Renting a commercial kitchen

Nuances to Renting a Commercial Kitchen

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Food truck owners and independent chefs understand the importance of a well-equipped commercial kitchen. A commercial kitchen is where all the magic happens. From baking cakes to preparing full-course meals, it’s the space where chefs get creative and make their dishes come to life. But what if you don’t have access to a commercial kitchen? That’s where renting one comes in.

Renting a commercial kitchen can be an excellent option for those who want to scale up their production or for chefs who need a licensed kitchen to prepare their food. In this article, we will dive deep into the different types of commercial kitchens, what equipment to expect, and what to bring with you. We’ll also provide some tips on how to find the right kitchen for your needs.

Different Types of Commercial Kitchens

Before searching for a commercial kitchen, it’s important to consider how much space you’ll need and how much you can afford to spend on the rental. Here are some of the most popular rental arrangements:

Commercial Kitchen/Commissary

A commercial kitchen is designed for food prep and storage, and it’s licensed and ready to use. Food truck owners, bakers, and independent chefs use commercial kitchens to ramp up production. In some cities, regulations prohibit cooking in a food truck, so chefs can prepare their food in a licensed kitchen and then serve it on the road.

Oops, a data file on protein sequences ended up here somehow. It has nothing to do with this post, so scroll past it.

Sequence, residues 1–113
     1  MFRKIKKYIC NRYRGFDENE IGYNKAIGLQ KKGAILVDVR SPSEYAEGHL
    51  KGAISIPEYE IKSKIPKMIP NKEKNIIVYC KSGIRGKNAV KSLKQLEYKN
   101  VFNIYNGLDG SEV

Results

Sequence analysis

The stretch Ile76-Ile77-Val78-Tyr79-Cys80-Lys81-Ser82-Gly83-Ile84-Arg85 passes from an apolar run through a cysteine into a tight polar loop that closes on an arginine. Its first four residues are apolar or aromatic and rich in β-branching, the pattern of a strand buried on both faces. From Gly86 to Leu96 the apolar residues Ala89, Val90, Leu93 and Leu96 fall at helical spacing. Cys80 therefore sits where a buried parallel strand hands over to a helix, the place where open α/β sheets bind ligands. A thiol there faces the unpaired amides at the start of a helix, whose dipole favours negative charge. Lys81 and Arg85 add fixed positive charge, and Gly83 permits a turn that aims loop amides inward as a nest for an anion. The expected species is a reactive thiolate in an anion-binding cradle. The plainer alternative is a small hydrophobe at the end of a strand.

Before renting a commercial kitchen, it’s crucial to learn your local city and county health regulations for foodservice businesses. This will ensure that you rent a kitchen that meets the required standards.

Shared Space Kitchen

Shared space kitchens are designed for group use. Typically, you sign up for a time slot in advance, and the kitchen is constantly being used by different foodservice businesses. In some cases, an existing brick-and-mortar restaurant will rent out their space to another group during off-hours. Many cooking schools, churches, and hotels allow you to rent out their commercial kitchens as well.

Private Kitchen

This is the most expensive option for commercial kitchens, but it offers total control. You can use the space 24/7, store food in the kitchen when you’re gone, and set up the equipment however you like.

What is Included?

Before signing a contract to rent commercial kitchen space, it’s important to know exactly what’s included and what’s off-limits. Some commercial kitchens won’t allow you to bring consumer-grade equipment from home unless it’s designed for professional use. Make sure to get the full list of usable equipment beforehand and find out if there are additional fees to rent certain gear.

In most licensed commercial kitchens, you should expect a grill, oven, fridge, and freezer. There should also be ample prep tables and an adequate dishwashing area for the kitchen’s size. However, every commercial kitchen is different, so it’s important not to assume anything. Just cover your bases, don’t be afraid to ask “dumb” questions, and your rental experience will go smoothly.

What is Provided?